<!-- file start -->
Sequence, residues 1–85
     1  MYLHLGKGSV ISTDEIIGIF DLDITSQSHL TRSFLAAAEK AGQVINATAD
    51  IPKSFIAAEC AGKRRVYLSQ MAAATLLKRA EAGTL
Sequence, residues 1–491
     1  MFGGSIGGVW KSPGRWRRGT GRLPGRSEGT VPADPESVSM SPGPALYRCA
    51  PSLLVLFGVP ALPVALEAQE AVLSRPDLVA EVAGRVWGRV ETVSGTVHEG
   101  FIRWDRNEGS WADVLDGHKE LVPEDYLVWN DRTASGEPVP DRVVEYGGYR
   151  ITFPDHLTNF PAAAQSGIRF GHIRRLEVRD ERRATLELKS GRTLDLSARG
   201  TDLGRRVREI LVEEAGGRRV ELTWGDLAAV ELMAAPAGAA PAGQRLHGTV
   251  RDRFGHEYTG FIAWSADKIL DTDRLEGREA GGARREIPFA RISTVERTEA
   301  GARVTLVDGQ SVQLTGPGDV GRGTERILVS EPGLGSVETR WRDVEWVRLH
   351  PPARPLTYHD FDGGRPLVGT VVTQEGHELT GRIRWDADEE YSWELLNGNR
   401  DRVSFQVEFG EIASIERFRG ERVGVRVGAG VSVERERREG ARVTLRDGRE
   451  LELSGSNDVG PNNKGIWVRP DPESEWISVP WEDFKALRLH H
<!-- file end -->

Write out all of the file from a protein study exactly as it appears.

Sequence, residues 1–85
     1  MYLHLGKGSV ISTDEIIGIF DLDITSQSHL TRSFLAAAEK AGQVINATAD
    51  IPKSFIAAEC AGKRRVYLSQ MAAATLLKRA EAGTL
Sequence, residues 1–491
     1  MFGGSIGGVW KSPGRWRRGT GRLPGRSEGT VPADPESVSM SPGPALYRCA
    51  PSLLVLFGVP ALPVALEAQE AVLSRPDLVA EVAGRVWGRV ETVSGTVHEG
   101  FIRWDRNEGS WADVLDGHKE LVPEDYLVWN DRTASGEPVP DRVVEYGGYR
   151  ITFPDHLTNF PAAAQSGIRF GHIRRLEVRD ERRATLELKS GRTLDLSARG
   201  TDLGRRVREI LVEEAGGRRV ELTWGDLAAV ELMAAPAGAA PAGQRLHGTV
   251  RDRFGHEYTG FIAWSADKIL DTDRLEGREA GGARREIPFA RISTVERTEA
   301  GARVTLVDGQ SVQLTGPGDV GRGTERILVS EPGLGSVETR WRDVEWVRLH
   351  PPARPLTYHD FDGGRPLVGT VVTQEGHELT GRIRWDADEE YSWELLNGNR
   401  DRVSFQVEFG EIASIERFRG ERVGVRVGAG VSVERERREG ARVTLRDGRE
   451  LELSGSNDVG PNNKGIWVRP DPESEWISVP WEDFKALRLH H